Admittedly, that can be easier said than done, but just remember that “‘the only thing you control is yourself and your own training,'” says Seidel.
11. But don’t be afraid of competition
Competing against others can sometimes be just the driving force you need to perform at your best, so it’s also okay to try to beat out that person next to you on the starting line or even nearby during a training run. Keeping up with a faster person may bring out a speed you didn’t know you had. “I love just going out and being able to just focus on the racing and not necessarily pay attention to the split,” says Seidel. “I want to just focus on who’s around me and stay engaged and make those aggressive moves in a race.”
12. Practice visualisation and goal setting
Another helpful mind trick is visualisation or picturing yourself running. “Feel it, smell it, touch it,” suggests Weinberg. “See yourself going through the run, maintaining a nice pace, focusing on rhythmic breathing, noticing the trees, enjoying your surroundings, etc.” This will all help you better prepare for your runs (in a race or otherwise) as you’ll have a positive image in mind of you completing your mileage.
Short-term goal setting is also smart for both your regular run routine and race days. Figure out what you want to achieve mile to mile, rather than thinking about the entire run or race in one setting, says Weinberg. That goal might be making it from one tree to the next or stopping at a certain water station along the way. This gives you small wins to celebrate throughout the course, without leaving you overwhelmed with the thought of long miles.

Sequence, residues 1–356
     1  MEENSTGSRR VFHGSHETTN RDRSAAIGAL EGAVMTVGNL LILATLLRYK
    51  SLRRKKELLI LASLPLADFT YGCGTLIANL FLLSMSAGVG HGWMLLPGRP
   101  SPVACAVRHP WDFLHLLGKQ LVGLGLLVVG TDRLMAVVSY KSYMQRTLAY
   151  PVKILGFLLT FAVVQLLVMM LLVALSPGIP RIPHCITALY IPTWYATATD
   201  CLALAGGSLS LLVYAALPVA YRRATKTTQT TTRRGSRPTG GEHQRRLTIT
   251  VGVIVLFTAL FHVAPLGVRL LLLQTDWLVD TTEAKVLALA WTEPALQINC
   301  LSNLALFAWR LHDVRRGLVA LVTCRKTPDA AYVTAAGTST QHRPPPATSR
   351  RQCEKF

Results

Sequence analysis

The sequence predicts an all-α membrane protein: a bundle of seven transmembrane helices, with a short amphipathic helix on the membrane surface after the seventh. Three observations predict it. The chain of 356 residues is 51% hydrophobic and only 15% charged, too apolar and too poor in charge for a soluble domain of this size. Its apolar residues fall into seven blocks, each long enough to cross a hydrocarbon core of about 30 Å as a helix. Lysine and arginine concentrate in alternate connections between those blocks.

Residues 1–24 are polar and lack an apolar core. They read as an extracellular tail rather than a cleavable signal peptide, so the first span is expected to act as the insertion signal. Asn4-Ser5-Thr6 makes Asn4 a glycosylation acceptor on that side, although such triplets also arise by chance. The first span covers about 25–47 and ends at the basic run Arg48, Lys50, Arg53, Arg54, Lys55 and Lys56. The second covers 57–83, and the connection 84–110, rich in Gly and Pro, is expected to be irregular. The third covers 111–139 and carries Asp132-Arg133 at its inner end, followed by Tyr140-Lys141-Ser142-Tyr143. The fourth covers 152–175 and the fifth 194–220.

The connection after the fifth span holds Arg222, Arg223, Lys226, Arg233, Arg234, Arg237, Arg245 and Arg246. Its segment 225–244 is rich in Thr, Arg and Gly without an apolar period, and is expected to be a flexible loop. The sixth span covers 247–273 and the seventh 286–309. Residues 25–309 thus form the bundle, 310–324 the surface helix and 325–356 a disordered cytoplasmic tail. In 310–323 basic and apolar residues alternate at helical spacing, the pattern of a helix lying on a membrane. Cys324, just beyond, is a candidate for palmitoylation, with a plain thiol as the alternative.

13. Have an open mind
Seidel says she didn’t go into February 2020’s Olympic Trials expecting to even place in the top 10 — but she also didn’t rule it out. “I went into [that race] with a mentality of, ‘I just want to run as hard as I can,'” she says.
Seidel says that’s a crucial piece of advice for those doing their first race, particularly a half marathon or full marathon: “Don’t limit yourself with perceptions that you have going into a race,” she says. “You definitely have to be smart with it — don’t try and totally blow it out of the park in the first half. But I think going in being realistic, but also not counting yourself out just because it’s your first one is key.”
This story first appeared on www.shape.com